The Rainbow Ranger chicks have exceeded 2 pounds each at 4 1/2 weeks, far outgrowing anything we have to use as a brooder. They are getting feisty with each other, chest bumping and pecking. They are mostly feathered and it is still warm to hot during the days and mild at night. They were requiring twice daily brooder clean out, had gone for a week without supplemental heat in the garage, so a decision was made today to relocate them to the auxiliary pen, confined to the chicken ark. We did concede to put a tarp over the sides and will keep our fingers crossed that we don’t lose them now. Again I vow to let my hens do the work of raising chicks from now on or we are going to have to build a bigger outdoor brooder with electricity so we can put the heat lamp in it.
The March hatched Buff Orpington pullets are almost all laying finally. We are getting 8 or 9 eggs a day and thoroughly enjoying having them again.
Between canning tomatoes and cleaning chicks, I have found time to finish my Hitchhiker scarf.

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And spin and ply 383 yards of Merino wool into an interesting DK weight yarn.

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Now I need to decide whether to sell it, or create something with it.
When we had a cool evening two weeks ago, I pulled out my Elise sweater I knit last year and determined that it pulled at my shoulders because it is just a bit too small for me.

 

 

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I don’t have anymore of the yarn, nor do I want to reknit it as I have two other sweaters currently on needles and they are both shades of blue or teal, so I am trying to decide it’s fate.  My options are to try to sell this hand knit sweater for little more than the cost of the yarn, to try to trade it for spinning fiber, or determine if there is a relative smaller than I that would like to have a hand knit sweater that has to be hand washed.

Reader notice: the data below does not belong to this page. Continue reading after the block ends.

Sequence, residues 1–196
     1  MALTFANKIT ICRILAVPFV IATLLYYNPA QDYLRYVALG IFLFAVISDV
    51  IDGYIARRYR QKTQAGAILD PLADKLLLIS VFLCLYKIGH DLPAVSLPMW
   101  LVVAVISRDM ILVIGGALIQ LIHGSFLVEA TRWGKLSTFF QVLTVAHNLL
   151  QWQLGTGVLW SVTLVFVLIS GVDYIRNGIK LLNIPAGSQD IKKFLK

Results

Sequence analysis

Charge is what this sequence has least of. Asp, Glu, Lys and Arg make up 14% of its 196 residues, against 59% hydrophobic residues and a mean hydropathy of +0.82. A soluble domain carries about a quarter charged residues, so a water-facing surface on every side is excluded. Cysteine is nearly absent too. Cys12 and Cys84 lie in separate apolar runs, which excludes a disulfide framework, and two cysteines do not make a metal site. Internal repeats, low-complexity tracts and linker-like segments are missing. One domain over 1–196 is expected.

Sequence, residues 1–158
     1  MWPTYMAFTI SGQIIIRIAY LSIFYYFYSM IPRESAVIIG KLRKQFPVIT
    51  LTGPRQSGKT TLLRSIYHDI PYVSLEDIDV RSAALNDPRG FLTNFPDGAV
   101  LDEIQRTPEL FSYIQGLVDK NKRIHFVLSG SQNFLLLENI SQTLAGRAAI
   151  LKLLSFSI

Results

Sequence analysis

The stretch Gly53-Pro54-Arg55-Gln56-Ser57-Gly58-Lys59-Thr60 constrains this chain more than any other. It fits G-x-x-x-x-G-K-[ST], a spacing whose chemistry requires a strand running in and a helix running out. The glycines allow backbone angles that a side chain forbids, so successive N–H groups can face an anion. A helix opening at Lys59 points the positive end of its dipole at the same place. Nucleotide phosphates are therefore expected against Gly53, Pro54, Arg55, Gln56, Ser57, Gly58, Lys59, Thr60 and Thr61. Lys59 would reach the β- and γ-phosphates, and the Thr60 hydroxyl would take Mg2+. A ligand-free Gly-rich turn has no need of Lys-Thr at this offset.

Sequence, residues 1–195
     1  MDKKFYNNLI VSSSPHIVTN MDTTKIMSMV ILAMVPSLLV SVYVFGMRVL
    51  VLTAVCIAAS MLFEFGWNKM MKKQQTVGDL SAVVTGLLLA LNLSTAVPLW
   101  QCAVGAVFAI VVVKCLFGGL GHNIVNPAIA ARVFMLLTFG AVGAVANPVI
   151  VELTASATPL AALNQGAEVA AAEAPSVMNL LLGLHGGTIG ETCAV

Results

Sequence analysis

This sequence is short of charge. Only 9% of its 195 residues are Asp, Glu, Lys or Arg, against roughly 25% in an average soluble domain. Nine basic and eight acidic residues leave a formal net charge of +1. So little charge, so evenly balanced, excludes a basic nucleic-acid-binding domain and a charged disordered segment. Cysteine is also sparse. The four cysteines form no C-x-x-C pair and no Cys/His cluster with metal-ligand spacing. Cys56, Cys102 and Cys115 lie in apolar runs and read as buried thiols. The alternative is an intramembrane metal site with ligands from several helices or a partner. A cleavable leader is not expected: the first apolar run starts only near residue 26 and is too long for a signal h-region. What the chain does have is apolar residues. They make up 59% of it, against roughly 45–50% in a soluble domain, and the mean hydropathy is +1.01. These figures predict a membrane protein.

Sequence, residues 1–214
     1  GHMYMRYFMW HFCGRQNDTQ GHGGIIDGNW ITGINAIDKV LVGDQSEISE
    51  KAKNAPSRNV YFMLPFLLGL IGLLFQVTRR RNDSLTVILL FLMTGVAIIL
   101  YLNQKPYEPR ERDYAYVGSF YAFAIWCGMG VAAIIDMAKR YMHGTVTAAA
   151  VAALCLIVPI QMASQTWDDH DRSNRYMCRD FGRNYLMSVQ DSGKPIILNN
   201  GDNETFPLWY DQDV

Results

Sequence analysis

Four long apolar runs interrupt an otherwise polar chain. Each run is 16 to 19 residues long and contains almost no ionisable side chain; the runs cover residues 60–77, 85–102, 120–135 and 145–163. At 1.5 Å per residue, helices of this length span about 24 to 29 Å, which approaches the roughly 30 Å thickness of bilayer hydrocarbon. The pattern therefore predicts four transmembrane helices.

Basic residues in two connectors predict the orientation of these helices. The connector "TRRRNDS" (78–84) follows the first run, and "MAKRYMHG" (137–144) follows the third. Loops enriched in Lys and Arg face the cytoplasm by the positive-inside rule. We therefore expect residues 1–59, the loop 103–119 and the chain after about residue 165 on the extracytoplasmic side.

Last weekend, I broke my second tooth of the summer.  The first required a crown and that tooth still hasn’t been finished, a temporary crown in place until mid week.  When I called the dentist, they were able to get me in yesterday and fortunately this one only needed a filling repair for now.  Being a molar, it likely will eventually need a crown as well.  I have 6 already and lost one crowned tooth because of repeated gum infections between it and the adjacent tooth.  I hope that with dental repairs and care, I will retain most of my teeth as my 91 year old father has.

It has been a good week and we continue to love our life on our mountain farm.

 

Olio – August 23, 2014

A few days ago in the pouring rain, we pressure washed the deck and porch in preparation for resurfacing them with one of the new deck resurface products.  As the outdoor cats often settle on the front porch and have their supplemental food on that porch, it was all moved.  One of the garage doors was open and the dog crate that is used to move the cats to the vet for rabies shots, used to transport chicks when they are purchased locally, but otherwise stored in the garage was sitting on the floor.  We prepared to leave to buy the deck resurface paint and went to close the garage door.  This is what we found. . .

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This guy is our sickly male who is about 5 years old, much older than we were led to believe that he would live as he was born with Feline Aids before we rescued him.  The healthy female bolted for the barn as soon as the powerwasher was started.  I would give him access to stay there, but the 2 week old Rainbow Ranger chicks are in the brooder in the garage.  There is an old window screen over the top, but that wouldn’t stop a dedicated cat.

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In spite of the rain, or maybe because of it, we have had some spectacular sunsets.  We would love to get the decks painted, but the forecast calls for one more day of rain before we finally get a period of dry days, hopefully enough to get the job done.

Tonight as I surveyed the refrigerator for dinner, I remembered about a quart of beef stew made earlier in the week and not wanting another meal of just stew, I added some vegetables and a crust and made one of my favorite comfort foods, pot pie.  Usually I make chicken or turkey pot pie, but the beef stew was just too tempting.